By Adam Howe
The Water Protectors in North Dakota have been standing their ground against the construction of the Dakota Access Pipeline amidst a barrage of water cannons, mace and pepper spray, tear gas, rubber bullets, and threats of forced relocation.
In Canada, large protests, spearheaded by indigenous activists, will begin soon in response to the recent approval of the Kinder Morgan pipeline. In the coming months, we will all learn how Trudeau’s government will handle Canada’s version of #NODAPL.
Trudeau has chosen to forego any further consultations with First Nations people regarding the pipeline—a common theme with his government and a disappointing one, given that consultations in the past have been either perfunctory and unsatisfactory or absent altogether.
In fact, my research shows that absence from political discourses is nothing new for aboriginal groups and that rhetoric from the state that seems reconciliatory is actually colonial.
I recently analyzed the annual federal speech from the throne—ranging from 1867 to 2015—to investigate how indigenous people have been historically portrayed as members of Canada within official state discourses.
I was surprised to find that First Nations people are almost entirely absent from speeches up to the early 1960s. Before this time, whenever aboriginal peoples were mentioned in speeches they were not referenced as citizens but as problematic “others” that must be dealt with by government.
Indigenous people only began to emerge prominently as citizens in communications beginning in the 1980s, but issues related to First Nations lands and self-determination regarding resource extraction remained absent, and still are.
To be sure, recent speeches have included moves toward recognition and reconciliation. As Trudeau has famously said: “No relationship is more important to me and to Canada than the one with indigenous peoples”. Still, the reality of aboriginal life in Canada is out of synch with Trudeau’s sunny words.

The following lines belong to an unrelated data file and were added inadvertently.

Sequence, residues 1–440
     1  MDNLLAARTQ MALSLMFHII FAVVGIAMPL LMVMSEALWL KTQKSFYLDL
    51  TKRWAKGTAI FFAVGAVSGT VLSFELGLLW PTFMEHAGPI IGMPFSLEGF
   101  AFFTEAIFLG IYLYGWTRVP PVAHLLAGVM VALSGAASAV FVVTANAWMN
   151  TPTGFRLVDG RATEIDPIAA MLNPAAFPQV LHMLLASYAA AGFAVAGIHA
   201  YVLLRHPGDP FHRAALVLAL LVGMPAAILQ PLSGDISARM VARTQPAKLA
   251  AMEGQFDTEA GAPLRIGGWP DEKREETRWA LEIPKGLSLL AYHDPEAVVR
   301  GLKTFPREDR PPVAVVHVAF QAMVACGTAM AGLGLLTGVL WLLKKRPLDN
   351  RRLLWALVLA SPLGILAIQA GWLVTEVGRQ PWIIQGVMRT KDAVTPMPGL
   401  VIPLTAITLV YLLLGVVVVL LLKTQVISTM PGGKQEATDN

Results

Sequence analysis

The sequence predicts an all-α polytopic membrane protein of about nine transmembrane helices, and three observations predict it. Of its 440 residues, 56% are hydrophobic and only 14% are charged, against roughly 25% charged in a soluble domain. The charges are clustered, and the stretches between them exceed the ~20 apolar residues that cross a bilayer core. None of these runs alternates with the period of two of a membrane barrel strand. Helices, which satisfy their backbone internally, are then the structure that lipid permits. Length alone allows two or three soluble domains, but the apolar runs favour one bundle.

Colonial governments cannot acknowledge indigenous resistance or the deeper issues that motivate it because their existence depends on the continued dispossession of aboriginal peoples from their lands and resources. This means that if Trudeau were to seriously engage with First Nations resistance to the Kinder Morgan pipeline in state discourses, he would undermine the legitimacy of the state.
Instead, indigenous people are included on the state’s own terms, usually in discussions about improving their economic position. This is how the government has framed improvements of nation-to-nation relationships.
Others have shown how this seemingly reconciliatory rhetoric is actually colonial because it encourages indigenous people to assimilate into mainstream society as opposed to addressing the social, political, and cultural demands of First Nations groups for decolonization. I call this sort of rhetoric “grammars of colonialism”.
Grammars of colonialism make it seem as though indigenous issues are getting better while obscuring the ongoing processes of colonization that lead to issues like Standing Rock and the eventual Kinder Morgan protests.
To begin moving toward meaningful decolonization, we all need to recognize the grammars of colonialism in the state discourses we are exposed to, as well as the disjuncture between these discourses and the realities of life on the ground.
We can use this knowledge to hold our political elites accountable by challenging them to acknowledge and discuss these contradictions and push them toward meaningful action rather than accepting statements that sound reconciliatory, but are not backed up by substance.
National discourses are the currency used by media and elites to communicate with the public, and these dialogues deeply inform the way we all view the world.
Changing our understanding of, and approach toward, these will not only encourage more genuine and inclusive national discussions about resource extraction and the environment, it also represents a major step toward meaningful decolonization.